There is also public dental assistance for qualified children and adults. While essential and emergency treatments may be accessible, you might have to wait for at least a year to get dental care.

Adults require a health care card or pension card, but it depends on your location. Check with the health department for your region to find out what dental services you may be qualified for.

Alternative to Dental Fillings

An alternative to filling is called silver diamine fluoride, or SDF. An antimicrobial liquid that may be brushed into the cavity to prevent tooth decay.

It is recommended for children with severe decay, those who struggle to cooperate in the treatment process, special-needs patients, and youngsters with dental decay that has not been addressed in a single visit.

Silver Diamine Fluoride is an FDA-approved antibiotic liquid used to treat active dental cavities and prevent future dental condition progression. When a tooth with decay is treated with a filling, the ideal way to do so is by removing the decay and placing the restoration. This alternative treatment is rapid, painless, and stops decay with noninvasive techniques, especially for kids with baby teeth who require a more careful approach.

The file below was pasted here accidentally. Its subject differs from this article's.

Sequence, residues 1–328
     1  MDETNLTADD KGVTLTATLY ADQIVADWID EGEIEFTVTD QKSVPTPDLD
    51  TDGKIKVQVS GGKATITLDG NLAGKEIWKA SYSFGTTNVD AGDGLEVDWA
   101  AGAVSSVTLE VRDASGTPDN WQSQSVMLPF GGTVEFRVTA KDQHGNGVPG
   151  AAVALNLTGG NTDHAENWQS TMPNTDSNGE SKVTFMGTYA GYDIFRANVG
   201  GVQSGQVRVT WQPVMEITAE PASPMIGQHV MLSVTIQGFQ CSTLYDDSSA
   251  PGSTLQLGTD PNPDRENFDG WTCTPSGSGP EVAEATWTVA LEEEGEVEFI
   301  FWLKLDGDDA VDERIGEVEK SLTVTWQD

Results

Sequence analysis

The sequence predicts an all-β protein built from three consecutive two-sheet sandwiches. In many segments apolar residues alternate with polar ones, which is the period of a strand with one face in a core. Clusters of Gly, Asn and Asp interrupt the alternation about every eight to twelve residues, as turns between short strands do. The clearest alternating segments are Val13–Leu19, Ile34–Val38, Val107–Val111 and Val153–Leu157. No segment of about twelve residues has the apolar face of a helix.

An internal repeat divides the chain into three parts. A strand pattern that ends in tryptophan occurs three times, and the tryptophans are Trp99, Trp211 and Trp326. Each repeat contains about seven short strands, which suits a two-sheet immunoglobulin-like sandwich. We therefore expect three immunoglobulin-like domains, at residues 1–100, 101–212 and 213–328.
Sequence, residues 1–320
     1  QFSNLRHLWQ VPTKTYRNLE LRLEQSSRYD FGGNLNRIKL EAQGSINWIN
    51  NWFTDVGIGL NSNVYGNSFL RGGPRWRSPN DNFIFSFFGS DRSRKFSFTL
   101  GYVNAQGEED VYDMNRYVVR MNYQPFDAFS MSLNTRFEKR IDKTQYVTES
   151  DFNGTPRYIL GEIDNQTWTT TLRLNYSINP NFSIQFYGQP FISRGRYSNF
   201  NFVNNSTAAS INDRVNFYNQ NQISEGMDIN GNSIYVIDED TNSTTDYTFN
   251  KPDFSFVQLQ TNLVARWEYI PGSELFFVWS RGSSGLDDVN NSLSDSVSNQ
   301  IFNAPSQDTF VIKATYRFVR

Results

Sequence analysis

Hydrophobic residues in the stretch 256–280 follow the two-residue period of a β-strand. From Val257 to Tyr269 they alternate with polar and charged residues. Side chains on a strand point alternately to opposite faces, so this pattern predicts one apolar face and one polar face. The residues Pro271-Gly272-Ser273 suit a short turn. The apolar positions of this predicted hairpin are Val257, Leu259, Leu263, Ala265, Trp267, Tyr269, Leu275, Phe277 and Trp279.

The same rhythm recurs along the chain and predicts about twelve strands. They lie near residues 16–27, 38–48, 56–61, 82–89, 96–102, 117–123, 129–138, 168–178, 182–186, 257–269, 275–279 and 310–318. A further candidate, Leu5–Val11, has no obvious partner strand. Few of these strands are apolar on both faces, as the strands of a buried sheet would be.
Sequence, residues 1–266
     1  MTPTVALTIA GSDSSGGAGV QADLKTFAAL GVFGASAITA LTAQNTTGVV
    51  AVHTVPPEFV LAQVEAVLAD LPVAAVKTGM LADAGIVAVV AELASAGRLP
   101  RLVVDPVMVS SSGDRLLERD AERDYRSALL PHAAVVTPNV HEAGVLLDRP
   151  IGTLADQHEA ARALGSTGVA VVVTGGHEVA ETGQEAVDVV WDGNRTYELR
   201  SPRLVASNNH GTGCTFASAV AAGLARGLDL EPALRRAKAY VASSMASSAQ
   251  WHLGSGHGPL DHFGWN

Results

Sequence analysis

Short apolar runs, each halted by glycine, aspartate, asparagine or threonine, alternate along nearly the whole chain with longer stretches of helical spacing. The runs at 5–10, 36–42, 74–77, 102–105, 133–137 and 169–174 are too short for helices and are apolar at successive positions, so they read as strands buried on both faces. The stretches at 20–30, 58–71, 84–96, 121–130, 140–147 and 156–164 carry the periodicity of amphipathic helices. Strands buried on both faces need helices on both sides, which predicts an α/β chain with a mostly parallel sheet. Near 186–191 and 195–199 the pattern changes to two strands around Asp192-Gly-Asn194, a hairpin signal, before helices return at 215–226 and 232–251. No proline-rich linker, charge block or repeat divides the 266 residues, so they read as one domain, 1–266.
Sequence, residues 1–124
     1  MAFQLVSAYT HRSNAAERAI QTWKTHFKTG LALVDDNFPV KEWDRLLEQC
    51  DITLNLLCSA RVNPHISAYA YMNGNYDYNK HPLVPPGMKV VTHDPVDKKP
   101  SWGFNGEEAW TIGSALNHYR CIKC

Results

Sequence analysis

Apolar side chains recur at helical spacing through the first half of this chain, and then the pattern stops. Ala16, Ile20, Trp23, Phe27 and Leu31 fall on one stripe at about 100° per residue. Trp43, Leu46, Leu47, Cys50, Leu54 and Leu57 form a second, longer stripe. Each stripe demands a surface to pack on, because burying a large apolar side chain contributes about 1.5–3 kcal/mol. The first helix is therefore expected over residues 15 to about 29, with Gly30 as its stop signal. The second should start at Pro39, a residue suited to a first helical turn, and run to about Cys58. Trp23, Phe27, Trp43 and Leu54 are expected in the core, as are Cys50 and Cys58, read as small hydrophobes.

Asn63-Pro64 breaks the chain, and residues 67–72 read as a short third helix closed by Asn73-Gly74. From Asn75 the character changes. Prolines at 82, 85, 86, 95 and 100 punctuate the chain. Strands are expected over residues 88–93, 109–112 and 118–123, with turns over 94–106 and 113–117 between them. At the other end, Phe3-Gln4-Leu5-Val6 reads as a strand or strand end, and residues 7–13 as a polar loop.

Final Thoughts

With all the benefits of dental fillings, it’s no wonder that they are one of the most popular types of dental care. Dental fillings can help prevent tooth decay and repair teeth with cavities. They also promote oral health by helping reduce bacteria in your mouth, which causes bad breath and provide relief from painful nerve sensitivity caused by receding gums or irritated root surfaces.

If you have a tooth that has been bothering you for some time, it may be worth your while to get in touch with us. We at Peel Dental Studio offer various filling options for you to choose from to find what best suits your needs. If you have questions about our services or would like more information on improving your smile, call us at 08 9535 4900 or visit us today. Our dental team has extensive knowledge about restoration and cosmetic dentistry and would be happy to answer any questions or concerns you might have. 

Avatar photo

Peel Dental Studio


Dr. Bailey formerly served on the Australian Dental Association as President, Vice President Treasurer and Country Councillor. He was on the Australian Dental Association Federal Council and has always been keen to give back to the profession that has been his life. He has tutored student dentists at the Oral Health Centre in Perth.